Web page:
M. Sc. Julian Schneider

  • Karlsruher Institut für Technologie (KIT) Campus Süd
    Institut für Regelungs- und Steuerungssysteme
    Geb. 11.20 (Engler-Villa)
    Kaiserstr. 12
    D-76131 Karlsruhe

Curriculum Vitae

Studies of Mechatronics and Information Technology at Karlsruhe Institute of Technology (KIT). Bachelor thesis at the Institute of Control Systems (IRS) (2017). Internship at Daimler AG in automated inspection in car assembling (2018). Master thesis at IRS about intention based cooperative control for human-robot-interaction (2019). Member of the scientific staff of IRS since February 2020.


Multi level connection for the consistent design of cooperative human-machine systems

To describe human-machine cooperation, level models are often used that describe the interaction between humans and machines on different sub-levels. In general, human activities and cooperative activities can be hierarchically divided into these sub-levels, e.g. navigation level (choice of route), trajectory level (choice of driving maneuver and trajectory) and action level (choice of steering angle and angle of the accelerator pedal) for the driving task. There are already promising methods for this level model approach that can be used for the design of cooperative systems. For the development of these methods, however, the interaction between human and machine has so far been viewed in isolation within one level (horizontal focus). Interdependencies and signals between the levels (vertical focus) have not been considered so far, but rather seen as given, such as the existence and the course of reference trajectories as the necessary input variable of the action level.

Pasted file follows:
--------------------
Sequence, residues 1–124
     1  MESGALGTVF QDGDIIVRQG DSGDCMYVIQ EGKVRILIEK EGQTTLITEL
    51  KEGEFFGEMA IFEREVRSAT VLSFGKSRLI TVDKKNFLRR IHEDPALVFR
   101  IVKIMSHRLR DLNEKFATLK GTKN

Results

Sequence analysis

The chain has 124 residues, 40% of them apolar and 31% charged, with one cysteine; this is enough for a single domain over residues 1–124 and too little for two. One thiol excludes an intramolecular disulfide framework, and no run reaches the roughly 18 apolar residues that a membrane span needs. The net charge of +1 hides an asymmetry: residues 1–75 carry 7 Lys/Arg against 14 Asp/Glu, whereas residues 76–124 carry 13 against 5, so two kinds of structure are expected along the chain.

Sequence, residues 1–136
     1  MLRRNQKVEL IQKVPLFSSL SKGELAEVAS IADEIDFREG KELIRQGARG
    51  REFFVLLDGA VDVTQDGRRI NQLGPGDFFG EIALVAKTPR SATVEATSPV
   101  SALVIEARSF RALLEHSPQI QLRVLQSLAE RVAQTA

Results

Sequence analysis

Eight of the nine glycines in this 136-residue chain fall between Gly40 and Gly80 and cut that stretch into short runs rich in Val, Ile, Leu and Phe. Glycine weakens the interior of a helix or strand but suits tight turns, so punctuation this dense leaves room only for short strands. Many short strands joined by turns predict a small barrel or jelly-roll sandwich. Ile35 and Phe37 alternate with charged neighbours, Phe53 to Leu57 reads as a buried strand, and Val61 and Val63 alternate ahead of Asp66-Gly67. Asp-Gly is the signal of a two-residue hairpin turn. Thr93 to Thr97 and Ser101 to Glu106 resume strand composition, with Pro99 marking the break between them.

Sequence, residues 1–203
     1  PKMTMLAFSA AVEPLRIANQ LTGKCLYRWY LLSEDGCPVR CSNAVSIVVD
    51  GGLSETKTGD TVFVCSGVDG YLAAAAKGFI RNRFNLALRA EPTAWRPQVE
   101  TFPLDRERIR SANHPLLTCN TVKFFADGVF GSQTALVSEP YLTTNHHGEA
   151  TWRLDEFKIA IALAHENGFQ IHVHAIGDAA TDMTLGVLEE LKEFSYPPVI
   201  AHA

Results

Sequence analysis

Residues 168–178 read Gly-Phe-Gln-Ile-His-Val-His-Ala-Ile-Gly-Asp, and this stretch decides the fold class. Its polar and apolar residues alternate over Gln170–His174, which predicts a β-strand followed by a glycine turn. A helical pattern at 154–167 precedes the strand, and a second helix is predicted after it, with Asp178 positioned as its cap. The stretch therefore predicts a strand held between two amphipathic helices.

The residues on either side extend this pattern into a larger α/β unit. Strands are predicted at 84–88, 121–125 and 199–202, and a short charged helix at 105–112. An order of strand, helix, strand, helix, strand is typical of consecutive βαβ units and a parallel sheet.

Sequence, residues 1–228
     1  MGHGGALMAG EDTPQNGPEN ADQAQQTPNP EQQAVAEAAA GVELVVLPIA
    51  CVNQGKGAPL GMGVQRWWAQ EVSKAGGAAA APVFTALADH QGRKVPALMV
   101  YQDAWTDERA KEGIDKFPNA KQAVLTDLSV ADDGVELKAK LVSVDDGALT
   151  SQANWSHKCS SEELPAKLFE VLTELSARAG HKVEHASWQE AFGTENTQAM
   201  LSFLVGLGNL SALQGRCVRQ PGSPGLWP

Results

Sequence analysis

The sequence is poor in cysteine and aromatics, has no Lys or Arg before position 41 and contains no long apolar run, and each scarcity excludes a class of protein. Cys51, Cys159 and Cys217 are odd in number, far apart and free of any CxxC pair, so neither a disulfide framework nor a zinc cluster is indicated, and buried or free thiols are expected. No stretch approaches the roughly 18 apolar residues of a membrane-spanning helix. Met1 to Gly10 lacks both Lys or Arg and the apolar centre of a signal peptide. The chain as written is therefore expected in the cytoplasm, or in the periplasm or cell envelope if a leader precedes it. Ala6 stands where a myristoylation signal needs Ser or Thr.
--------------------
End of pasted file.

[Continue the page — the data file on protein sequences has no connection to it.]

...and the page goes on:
The aim of this research is to examine the connection between the levels and thus the vertical integration of the levels in the automation design. The aim is to answer the question of how a consistent design looks like when all levels are connected and in interdependency with one another. The focus is particularly on the design of the level interfaces as a prerequisite for human-machine interaction to be successful within the various levels.

A possible application where cooperation takes place on several levels and the interfaces between the levels become relevant is the support and escort of a walking patient by a robot. First, a common trajectory must be cooperatively negotiated (trajectory level). Subsequently, the negotiated trajectory is cooperatively controlled (execution level).

Bildquelle Markus Kümmerle Städtisches Klinikum Karlsruhe